Ward Meachum - my favourite B-arc in all the shows and actually better than the A-plot for Danny Rand, Ward undergoes a complete transformation from a narcissistic, self-indulgent asshole to becoming someone who recognizes his personal failings and how he has to grow and be a better person; the performance is fantastic and I'm looking forward to seeing more of him.
Danny Rand - technically he's one of the A-plots, but as he's largely used as plot-service (once he's taken captive he stops being an active participant in the story) so I think he fits here. Denied personal growth in his own show for the purposes of the team-up, here he undergoes the transformation from angry, single-minded man-child to a more rounded person; it's poorly written, but intermittently effective--leaving room for Cheo Hodari Coker to help grow the character in Luke Cage (when he'll next appear).
Micro - virtually an A-plot, Lieberman's story is entertaining as he both has a great personal stake in the main plot and an arc to go through himself (returning to his family)--he's also a welcome foil to Frank's personality. The arc's only weakness is that Micro doesn't really evolve as a person (something that isn't always required, but more evocative when it happens).
Dinah Madani - a mixed bag as her motivations are fairly bland (she's looking for career growth and recognition) that's marred by middling writing (she makes a lot of poor choices that others have to save her from--this echoes Danny Rand's arc in his own series).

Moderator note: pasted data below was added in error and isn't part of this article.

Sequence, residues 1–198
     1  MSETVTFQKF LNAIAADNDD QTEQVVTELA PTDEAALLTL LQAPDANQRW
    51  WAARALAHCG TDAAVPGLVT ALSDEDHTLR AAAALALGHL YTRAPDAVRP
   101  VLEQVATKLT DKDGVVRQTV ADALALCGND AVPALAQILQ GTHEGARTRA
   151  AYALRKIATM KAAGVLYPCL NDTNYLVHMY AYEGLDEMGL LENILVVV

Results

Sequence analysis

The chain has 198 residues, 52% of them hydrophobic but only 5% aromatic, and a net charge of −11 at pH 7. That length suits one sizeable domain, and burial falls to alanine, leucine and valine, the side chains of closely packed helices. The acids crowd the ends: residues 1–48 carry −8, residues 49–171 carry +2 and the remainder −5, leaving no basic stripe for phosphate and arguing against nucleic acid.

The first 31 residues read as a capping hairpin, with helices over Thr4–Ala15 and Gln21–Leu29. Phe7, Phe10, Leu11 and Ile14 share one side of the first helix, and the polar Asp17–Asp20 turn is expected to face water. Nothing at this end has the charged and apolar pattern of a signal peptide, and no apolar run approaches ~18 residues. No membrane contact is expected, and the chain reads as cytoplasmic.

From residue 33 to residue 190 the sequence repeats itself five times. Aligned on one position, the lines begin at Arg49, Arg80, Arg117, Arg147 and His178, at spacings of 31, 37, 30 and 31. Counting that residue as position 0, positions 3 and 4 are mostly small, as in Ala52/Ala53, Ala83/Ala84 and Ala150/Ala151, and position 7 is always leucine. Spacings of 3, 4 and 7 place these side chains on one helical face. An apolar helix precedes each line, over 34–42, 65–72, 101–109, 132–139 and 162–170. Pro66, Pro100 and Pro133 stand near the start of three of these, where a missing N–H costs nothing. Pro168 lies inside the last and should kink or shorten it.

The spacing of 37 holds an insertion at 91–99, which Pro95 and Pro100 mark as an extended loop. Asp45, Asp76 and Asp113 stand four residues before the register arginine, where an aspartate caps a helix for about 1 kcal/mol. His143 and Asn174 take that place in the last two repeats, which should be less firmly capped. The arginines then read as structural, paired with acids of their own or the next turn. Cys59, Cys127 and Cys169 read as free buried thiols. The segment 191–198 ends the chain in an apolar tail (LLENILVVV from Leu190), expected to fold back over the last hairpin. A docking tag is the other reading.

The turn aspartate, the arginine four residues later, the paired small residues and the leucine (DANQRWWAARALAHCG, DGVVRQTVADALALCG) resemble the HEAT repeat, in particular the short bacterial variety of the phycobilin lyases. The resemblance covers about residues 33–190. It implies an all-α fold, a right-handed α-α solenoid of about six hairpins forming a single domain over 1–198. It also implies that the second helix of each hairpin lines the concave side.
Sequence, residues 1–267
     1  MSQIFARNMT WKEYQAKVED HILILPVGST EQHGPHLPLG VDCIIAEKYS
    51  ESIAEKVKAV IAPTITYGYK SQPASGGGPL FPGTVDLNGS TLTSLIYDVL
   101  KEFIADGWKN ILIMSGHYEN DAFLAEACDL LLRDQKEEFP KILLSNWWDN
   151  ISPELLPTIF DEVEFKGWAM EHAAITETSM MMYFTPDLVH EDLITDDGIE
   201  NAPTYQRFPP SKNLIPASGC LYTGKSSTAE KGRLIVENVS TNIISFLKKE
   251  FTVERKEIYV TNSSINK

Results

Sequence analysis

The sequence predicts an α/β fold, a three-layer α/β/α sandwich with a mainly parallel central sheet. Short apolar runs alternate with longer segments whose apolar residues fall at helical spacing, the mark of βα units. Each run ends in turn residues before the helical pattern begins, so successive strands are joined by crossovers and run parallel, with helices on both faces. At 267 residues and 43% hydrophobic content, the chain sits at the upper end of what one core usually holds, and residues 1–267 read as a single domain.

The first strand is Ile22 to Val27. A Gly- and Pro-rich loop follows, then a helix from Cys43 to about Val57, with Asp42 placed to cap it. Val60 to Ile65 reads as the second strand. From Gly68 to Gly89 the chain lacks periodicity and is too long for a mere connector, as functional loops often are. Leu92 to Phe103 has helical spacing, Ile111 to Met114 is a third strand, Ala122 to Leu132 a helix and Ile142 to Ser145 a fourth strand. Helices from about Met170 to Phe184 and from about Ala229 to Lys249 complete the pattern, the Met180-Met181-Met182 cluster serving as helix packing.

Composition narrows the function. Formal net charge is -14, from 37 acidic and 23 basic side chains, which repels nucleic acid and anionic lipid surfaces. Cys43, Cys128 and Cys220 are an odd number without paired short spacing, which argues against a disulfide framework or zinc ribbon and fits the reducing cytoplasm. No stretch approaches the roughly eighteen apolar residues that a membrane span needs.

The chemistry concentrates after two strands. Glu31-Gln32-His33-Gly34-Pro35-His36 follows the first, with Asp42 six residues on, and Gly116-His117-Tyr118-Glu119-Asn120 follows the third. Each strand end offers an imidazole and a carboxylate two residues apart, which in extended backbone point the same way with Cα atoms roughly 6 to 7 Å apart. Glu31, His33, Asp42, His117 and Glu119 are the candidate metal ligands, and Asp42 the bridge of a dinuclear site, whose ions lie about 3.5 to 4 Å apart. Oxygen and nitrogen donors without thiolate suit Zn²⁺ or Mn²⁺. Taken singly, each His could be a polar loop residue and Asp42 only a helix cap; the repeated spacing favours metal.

Jon Schnepp, on the heels of his failed Moon Knight prediction for The Punisher, claims that Spider-Man will appear in Venom; unlike the former prediction many other outlets have reported it. The rumour has been further refined to say Peter Parker will appear as opposed to Spider-Man, but in what capacity remains unknown, as does it's implications for Sony's involvement in the broader MCU. Most of the theories I've seen believe it's an attempt by Sony to shoehorn their own films into the MCU with whatever wiggle room exists in the agreement.
With the bizarre state of it-is-but-isn't connected to the MCU, the second Spider-Man film is apparently casting a European femme fatal (this is again from The Hashtag Show), with every outlet struggling to figure out which character this might be (other than one of those from Sony's stable, presumably, as it benefits Marvel to include them in official MCU productions). Early predictions that it would be Gwen Stacy seem off-target (what would be the point when a romance with Michelle is the next logical step?).
This article is written by Peter Levi (@eyeonthesens)